Running ColabFold

Some instructions for running ColabFold on epyc. I presented some of these instructions and a general overview of AlphaFold2 and ColabFold during an SBDR seminar (slides).

These are basic instructions for connecting to epyc and running a ColabFold job from the command line. It is also possible to use Microsoft’s VSCode to connect if you are wanting a better experience.

Basic command line instructions


These instructions assume you have a remote shell open on epyc, which is outfitted with 2 NVIDIA A100-80 GPUs.

Activate colabfold conda environment.

colabfold_batch is the command line tool you will be using. It is installed into a preconfigured conda Python environment named colabfold. If your default shell is configured properly you should be able to activate the colabfold conda environment with this command:

conda activate colabfold

For most users with the default bash shell the above command should just work. If you are using tcsh or if you have twiddled with your shell configuration files in the past you may get a warning that conda can’t be found. This means your shell is not yet configured to use conda. You can try initializing conda with this command:

/usr/local/anaconda3/bin/conda init

Then logout and log back in to ensure the changes are applied to your shell.

You can view the available conda environments:

conda env list

and activate the colabfold environment.

conda activate colabfold

If this worked your shell prompt should look something like this with the name of the active conda environment in parentheses at the beginning of your prompt:

(colabfold) [16:58]username@epyc:~$


If you are struggling to get the colabfold conda environment activated or run into other problems please contact Scott

Create a working directory

You will want to enforce some organization for your colabfold data so make a directory.

mkdir colabfold_data

and make a dedicated directory for your protein/system of interest.

cd colabfold_data
mkdir my_prot

Create your fasta sequence file

This is quite simple if you have a single chain. For example create a file named my_prot.fasta (you can of course name it whatever you want)

An example of a fasta file
>1RDR_1|Chain A|POLIOVIRUS 3D POLYMERASE|Human poliovirus 1 (12081)

To fold a single chain this is all you will need in your my_prot directory.

Run ColabFold on a Monomer

There are many options available when running colabfold_batch which you can see with the --help flag.

colabfold_batch --help

If you just want to use the default settings it’s as simple as:

colabfold_batch my_prot.fasta output_dir

This will read your fasta sequence, calculate an MSA using MMseqs2, perform AlfaFold2 inference, and output all results to the output_dir directory.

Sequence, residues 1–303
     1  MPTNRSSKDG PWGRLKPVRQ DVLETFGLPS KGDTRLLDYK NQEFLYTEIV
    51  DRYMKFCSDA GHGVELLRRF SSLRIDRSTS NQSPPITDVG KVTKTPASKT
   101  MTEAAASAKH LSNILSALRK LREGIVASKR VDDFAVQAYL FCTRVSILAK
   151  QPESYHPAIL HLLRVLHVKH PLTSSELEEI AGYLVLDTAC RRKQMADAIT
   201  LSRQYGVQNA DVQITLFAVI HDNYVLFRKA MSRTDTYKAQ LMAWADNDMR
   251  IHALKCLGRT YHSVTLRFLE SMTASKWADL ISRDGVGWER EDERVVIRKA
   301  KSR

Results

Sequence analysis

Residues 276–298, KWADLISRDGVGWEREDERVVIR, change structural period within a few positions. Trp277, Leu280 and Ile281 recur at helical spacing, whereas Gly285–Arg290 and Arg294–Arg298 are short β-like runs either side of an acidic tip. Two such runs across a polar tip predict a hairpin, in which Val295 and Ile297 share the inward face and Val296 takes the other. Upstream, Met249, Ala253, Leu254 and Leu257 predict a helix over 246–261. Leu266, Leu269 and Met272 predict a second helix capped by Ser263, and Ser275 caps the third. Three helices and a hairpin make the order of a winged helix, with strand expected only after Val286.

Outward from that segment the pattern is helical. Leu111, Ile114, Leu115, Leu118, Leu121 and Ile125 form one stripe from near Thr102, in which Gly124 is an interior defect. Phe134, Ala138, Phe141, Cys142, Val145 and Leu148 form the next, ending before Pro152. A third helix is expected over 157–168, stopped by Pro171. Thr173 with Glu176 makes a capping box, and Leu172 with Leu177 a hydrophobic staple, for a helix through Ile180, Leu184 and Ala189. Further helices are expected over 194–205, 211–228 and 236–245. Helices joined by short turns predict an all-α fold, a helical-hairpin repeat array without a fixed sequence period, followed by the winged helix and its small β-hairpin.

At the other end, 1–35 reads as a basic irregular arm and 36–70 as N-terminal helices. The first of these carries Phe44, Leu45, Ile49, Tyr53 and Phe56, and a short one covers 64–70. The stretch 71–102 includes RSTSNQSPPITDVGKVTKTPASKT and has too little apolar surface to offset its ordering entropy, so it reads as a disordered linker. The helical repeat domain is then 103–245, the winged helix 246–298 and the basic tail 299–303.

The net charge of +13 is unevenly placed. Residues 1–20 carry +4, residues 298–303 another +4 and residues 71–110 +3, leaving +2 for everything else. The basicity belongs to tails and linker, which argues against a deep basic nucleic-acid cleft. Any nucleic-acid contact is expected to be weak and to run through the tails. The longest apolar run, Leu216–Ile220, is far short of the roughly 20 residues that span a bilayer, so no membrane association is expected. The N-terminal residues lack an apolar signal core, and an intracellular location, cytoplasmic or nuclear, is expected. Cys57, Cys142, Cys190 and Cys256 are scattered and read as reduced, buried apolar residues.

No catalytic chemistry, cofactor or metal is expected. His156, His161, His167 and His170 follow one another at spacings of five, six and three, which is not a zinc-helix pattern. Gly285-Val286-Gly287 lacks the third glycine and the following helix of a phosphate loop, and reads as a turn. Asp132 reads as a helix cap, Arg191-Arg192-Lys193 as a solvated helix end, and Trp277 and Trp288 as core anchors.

If you want to use amber to relax the model provided by AF2 and use the A100 GPUs to make relaxation even faster you would provide the --amber and --use-gpu-relax command line options:


With the latest colabfold_batch the --amber and --use-gpu-relax command line options are not working.

colabfold_batch --amber --use-gpu-relax --model-type auto my_prot.fasta output_dir

Run ColabFold on a Multimer

Under the hood ColabFold uses the inference models from AlphaFold2 to predict a 3D structure from your sequence. There are four different AlphaFold2 models available, including alphafold2_multimer_v1, alphafold2_multimer_v2, and alphafold2_multimer_v3. The default is auto (which uses alphafold2_ptm for monomers and alphafold2_multimer_v3 for complexes.)

If you are predicting a multimer there are some gotchas when preparing the fasta file. Talk to me if you run into errors. Essentially you need to create your fasta file like this (with a : after each chain, but not after the last chain)

An example of a multimer.fasta file to predict a homo hexamer.
> 1BJP_homohexamer

And then fire off your colabfold_batch job:

colabfold_batch --amber --use-gpu-relax --model-type alphafold2_multimer_v3 multimer.fasta output_dir_for_multimer

Monitoring the GPU status

You can use gpustat to see the status of our two A100s which should output something like this:

(colabfold) [17:14]username@epyc:~$gpustat
epyc Thu Jul 20 17:26:13 2023  535.54.03
[0] NVIDIA A100 80GB PCIe | 35'C,   0 % |  1007 / 81920 MB | gdm(63M) gdm(47M)
[1] NVIDIA A100 80GB PCIe | 35'C,   0 % |   874 / 81920 MB |

The default GPU that colabfold_batch will use is 0, but if multiple jobs pile up on the first GPU and the second one (1) is unused then that is not very good. You can specify which GPU you would like to use by setting the CUDA_VISIBLE_DEVICES environment variable in your shell just before submitting the job.


This would make the second GPU the target for jobs.


0 = first GPU 1 = second GPU

Using Microsoft Visual Studio Code

The benefit of using VSCode is that you have a nice environment for editing files (rather than using vim in a terminal).

I’ll write these instructions up later.